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Boko Haram - The inadvertent Western spin

24 May 2014, 19:01
The age-old nationalist gripe about allowing the United States of America to fulfill its age-old ambition of establishing military bases in Africa is not purely on pan-Africanist grounds.

 While it might be fashionable to hate America and blame it for everything that goes wrong in the world, world peace activists need to understand that this is different from a missile shield in Europe.

The US already enjoys military presence in Djibouti and a few 'secret' drone bases in volatile parts of this continent, but its strategic achievement will be to set up Africa Command (Africom) on African soil with the consensus of African leaders, especially influencial powers within regional blocks, Southern African Development Community (SADEC), Economic Community Of West African States (ECOWAS) and East African Community (EAC).

The US will find little resistance from ECOWAS, given the Boko Haram, CAR and Mali situations. It will also find a warm reception in the EAC due to the Al Shabbab and Lord Resistance Army threat. It's likely to hit a snag in the South where South Africa pays some bills.

It was not co-incidental that in 2009 former US Secretary of State Hillary Clinton pit-stopped in South Africa after Kenya while on her way to Nigeria.

It was also not luck that it happened during South Africa's Women’s Month. It was strategic for a woman Secretary to visit a government which prioritises empowering women in decision-making. That our defence and foreign affairs portfolios were led by women was not lost to the State Department.

 America had pioneered such empowerment for some time; first with Madeline Albright and later Condoleeza Rice.

 And Clinton's five years ago gestures might work for her when she finally announces her intention to run for the White House. She, as the next president of the US would like to say, 'look, we can be trusted. Wasn't I your friend before? Now how about a little naval base in the Atlantic Ocean side of Africa?'. And remember she was in East Asia when the Western troops finally killed Libya's Muammar al Gadaffi; a tragedy to which her response when shown the image on her aide's smartphone was a lame 'Wow!"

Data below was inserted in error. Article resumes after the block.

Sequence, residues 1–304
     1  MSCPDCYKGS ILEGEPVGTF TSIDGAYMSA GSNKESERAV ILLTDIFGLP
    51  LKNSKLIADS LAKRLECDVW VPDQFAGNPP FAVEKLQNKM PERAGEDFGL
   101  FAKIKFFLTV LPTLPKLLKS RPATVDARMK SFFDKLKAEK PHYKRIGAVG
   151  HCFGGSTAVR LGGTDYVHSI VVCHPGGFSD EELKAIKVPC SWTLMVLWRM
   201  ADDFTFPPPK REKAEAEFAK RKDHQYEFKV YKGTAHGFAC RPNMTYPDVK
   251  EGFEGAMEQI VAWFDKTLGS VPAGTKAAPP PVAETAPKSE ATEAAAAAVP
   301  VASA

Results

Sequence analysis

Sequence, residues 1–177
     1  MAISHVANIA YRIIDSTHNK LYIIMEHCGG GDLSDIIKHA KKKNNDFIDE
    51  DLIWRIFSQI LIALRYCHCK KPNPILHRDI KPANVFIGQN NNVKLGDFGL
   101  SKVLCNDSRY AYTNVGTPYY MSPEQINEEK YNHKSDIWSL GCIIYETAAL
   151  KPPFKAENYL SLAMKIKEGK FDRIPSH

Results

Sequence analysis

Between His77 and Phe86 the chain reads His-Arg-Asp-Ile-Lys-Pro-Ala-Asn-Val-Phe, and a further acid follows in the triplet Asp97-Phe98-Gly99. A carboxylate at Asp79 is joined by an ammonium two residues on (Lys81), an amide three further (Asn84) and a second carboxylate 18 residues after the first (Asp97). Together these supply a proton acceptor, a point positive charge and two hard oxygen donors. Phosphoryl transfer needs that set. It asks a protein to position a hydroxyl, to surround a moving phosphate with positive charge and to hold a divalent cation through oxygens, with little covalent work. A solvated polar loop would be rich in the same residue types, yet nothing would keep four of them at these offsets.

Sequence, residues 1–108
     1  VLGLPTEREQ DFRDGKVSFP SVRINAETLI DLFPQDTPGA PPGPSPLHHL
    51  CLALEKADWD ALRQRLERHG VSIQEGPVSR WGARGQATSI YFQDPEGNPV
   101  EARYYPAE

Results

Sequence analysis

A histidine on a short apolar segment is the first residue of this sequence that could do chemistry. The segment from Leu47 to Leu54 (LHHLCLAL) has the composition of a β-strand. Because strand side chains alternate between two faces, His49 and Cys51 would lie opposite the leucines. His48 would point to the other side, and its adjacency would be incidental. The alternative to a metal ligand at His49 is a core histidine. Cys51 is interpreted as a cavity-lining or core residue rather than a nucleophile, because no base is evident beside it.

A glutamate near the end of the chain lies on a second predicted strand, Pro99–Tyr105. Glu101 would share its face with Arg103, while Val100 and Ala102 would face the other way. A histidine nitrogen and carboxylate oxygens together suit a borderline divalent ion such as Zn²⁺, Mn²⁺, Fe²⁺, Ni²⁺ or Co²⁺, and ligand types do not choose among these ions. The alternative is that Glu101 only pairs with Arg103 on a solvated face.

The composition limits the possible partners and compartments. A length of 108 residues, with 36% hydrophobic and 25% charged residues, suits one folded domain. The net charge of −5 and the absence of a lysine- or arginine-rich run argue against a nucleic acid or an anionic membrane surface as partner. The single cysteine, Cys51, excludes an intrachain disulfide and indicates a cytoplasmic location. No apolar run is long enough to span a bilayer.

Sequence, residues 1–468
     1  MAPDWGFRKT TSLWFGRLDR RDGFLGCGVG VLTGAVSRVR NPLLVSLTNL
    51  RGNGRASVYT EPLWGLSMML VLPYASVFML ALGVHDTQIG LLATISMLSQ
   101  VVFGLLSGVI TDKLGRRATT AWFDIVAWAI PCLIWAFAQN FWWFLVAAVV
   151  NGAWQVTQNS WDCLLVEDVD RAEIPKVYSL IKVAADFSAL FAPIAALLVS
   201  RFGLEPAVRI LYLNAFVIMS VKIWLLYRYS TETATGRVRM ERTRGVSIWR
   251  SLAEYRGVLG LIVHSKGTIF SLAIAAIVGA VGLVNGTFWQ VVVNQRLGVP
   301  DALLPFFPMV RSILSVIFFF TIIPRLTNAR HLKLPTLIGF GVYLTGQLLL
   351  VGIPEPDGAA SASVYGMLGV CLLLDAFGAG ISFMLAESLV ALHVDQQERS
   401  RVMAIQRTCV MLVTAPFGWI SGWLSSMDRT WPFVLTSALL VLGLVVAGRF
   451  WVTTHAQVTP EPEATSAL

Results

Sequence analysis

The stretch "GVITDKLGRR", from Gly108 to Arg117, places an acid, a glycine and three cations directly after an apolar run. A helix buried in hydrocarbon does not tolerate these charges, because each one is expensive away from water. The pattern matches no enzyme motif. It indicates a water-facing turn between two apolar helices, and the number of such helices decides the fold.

However media and think-tanks have since 2009 been speculating about the significance of Clinton’s visit of seven, some influencial, some not, countries in a continent that took a backseat during eight years of the Republican Party’s War On Terror.

To the current Barrack Obama administration Africa has two significances. First; Obama’s campaign promise to reduce US dependence on Middle East oil is one such. Clinton visited Angola and Nigeria to fulfill that requirement.

She preached democracy in Angola; which in US language means putting in power a leader who will understand its energy needs.

Obviously, Clinton didn’t expect the second post-colonial Angolan leader, Dr Eduardo dos Santos to suddenly forget that they sponsored UNITA since 1975 and only overtly stopped in 1989, while still turning a blind eye to its bandit activities and clandestine mercenary support until its leader Dr Jonas Savimbi was executed.

Regardless, Angola is a potentially useful US energy partner; if you remove the Socialist and replace him with a pragmatic leader who never engaged US proxies in the bush.

Later Clinton preached anti-corruption in Nigeria. The US is aware that its national interests, whether oil or otherwise are not secured when there is internal dissatisfaction due to the inequitable distribution of oil revenue.

That’s the main cause of the Niger Delta insurrection. To Nigeria, she was simply saying “give the people of Delta and Ogoni their fair share and stop lining your pockets with their accruals and we can do business”.